The thing about growing old is that, you can't help it. It just happens. And, like anything else that gets old, the parts start to wear out, more with some than others. Although, we can delay the ravages of wear and tear for a while, eventually it will catch up with you. The way to deal with old age is not to ignore it, but don't let it become the all-encompassing part of your life. In Addition, as far as young peoples views of seniors are concerned it has always and will always be that way. To which I say, "let them have their fun while it lasts." They'll be shopping for orthopedic shoes soon enough.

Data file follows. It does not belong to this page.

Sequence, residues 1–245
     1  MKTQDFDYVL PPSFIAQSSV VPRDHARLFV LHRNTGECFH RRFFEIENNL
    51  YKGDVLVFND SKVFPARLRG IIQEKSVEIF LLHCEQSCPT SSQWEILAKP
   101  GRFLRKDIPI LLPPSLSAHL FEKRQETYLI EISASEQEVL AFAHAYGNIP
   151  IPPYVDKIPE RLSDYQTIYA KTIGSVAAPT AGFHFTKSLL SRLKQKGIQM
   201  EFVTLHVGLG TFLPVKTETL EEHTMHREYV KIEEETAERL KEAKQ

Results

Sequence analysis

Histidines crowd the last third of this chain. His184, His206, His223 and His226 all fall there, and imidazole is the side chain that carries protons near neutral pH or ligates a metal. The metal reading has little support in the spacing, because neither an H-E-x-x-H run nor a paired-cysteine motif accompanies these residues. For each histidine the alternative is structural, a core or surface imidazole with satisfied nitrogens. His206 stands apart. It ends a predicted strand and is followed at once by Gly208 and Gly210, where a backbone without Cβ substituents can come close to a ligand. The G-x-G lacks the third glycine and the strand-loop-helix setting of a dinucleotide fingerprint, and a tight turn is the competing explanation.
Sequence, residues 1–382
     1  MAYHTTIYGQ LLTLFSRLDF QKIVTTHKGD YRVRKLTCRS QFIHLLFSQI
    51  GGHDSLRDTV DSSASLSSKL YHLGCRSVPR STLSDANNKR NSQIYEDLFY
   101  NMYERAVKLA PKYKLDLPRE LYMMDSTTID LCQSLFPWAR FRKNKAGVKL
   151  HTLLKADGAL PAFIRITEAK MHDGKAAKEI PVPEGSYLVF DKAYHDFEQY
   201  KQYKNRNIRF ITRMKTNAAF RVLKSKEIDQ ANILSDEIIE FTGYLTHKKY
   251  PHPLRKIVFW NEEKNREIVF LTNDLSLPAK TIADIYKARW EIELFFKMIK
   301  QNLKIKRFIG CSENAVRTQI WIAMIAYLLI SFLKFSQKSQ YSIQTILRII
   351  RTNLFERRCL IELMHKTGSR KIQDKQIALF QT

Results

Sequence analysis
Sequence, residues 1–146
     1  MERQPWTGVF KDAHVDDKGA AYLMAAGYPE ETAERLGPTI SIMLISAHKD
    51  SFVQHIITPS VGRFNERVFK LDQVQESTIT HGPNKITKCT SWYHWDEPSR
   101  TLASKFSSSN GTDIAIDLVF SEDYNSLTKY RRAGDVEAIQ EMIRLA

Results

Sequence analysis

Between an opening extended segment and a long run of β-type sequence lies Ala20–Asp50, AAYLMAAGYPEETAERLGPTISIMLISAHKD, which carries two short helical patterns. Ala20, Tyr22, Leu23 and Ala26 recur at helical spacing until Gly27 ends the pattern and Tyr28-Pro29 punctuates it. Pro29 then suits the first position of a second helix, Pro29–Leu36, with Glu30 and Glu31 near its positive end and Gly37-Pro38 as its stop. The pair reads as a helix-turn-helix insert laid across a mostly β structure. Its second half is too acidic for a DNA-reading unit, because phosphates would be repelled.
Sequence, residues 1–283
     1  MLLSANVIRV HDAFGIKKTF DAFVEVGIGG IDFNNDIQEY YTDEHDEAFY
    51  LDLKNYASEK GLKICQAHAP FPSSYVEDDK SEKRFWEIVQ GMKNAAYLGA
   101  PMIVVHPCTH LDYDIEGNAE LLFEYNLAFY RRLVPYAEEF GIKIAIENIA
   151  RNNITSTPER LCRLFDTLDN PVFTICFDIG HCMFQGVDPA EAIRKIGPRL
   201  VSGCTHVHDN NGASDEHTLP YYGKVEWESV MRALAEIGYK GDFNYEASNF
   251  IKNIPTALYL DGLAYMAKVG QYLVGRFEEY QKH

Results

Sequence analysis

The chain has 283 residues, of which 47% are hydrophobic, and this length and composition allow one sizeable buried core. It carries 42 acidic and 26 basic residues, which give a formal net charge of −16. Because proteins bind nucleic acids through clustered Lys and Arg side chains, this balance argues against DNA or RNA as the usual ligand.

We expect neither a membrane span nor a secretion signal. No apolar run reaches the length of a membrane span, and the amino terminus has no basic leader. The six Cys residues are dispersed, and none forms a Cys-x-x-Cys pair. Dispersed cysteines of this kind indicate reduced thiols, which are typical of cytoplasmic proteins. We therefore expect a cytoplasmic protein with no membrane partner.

She better watch out because that list of hers on aging too fast sounds an awful lot like the side effects of most drugs. She could be aging too fast herself very soon.

Thank you Bruce Cooper for having a laid back attitude about aging comments. And doesn't "aging well" just mean the body parts are holding up? And, yeah, I'm old but I don't get bent out of shape by comments such as those in the article that Ronni bemoans. There are more interesting things to think and talk about.

"Crabby feels bad taking down this young woman. Well, only a little."

Glad you did. Someone needed to.

Today Journalism and the entertainment industry are one in the same. Bill O'Reilly admittedly said so. It's all about "selling tickets", or newspapers, and advertising.

Believe it or not, we are in the age of believe what you want to believe - or you can simply change the channel.